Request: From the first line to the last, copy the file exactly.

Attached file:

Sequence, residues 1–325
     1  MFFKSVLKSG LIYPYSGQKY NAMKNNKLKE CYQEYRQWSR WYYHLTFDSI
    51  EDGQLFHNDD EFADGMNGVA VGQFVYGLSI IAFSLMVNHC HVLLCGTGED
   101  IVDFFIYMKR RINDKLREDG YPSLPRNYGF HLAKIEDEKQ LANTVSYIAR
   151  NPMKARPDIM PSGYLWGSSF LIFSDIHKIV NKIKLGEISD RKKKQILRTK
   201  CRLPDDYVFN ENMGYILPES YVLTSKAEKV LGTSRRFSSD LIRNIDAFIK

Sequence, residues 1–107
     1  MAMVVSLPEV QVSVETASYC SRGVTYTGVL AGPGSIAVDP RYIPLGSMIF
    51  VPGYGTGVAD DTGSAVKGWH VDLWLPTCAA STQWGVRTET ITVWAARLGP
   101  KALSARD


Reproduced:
Sequence, residues 1–325
     1  MFFKSVLKSG LIYPYSGQKY NAMKNNKLKE CYQEYRQWSR WYYHLTFDSI
    51  EDGQLFHNDD EFADGMNGVA VGQFVYGLSI IAFSLMVNHC HVLLCGTGED
   101  IVDFFIYMKR RINDKLREDG YPSLPRNYGF HLAKIEDEKQ LANTVSYIAR
   151  NPMKARPDIM PSGYLWGSSF LIFSDIHKIV NKIKLGEISD RKKKQILRTK
   201  CRLPDDYVFN ENMGYILPES YVLTSKAEKV LGTSRRFSSD LIRNIDAFIK

Sequence, residues 1–107
     1  MAMVVSLPEV QVSVETASYC SRGVTYTGVL AGPGSIAVDP RYIPLGSMIF
    51  VPGYGTGVAD DTGSAVKGWH VDLWLPTCAA STQWGVRTET ITVWAARLGP
   101  KALSARD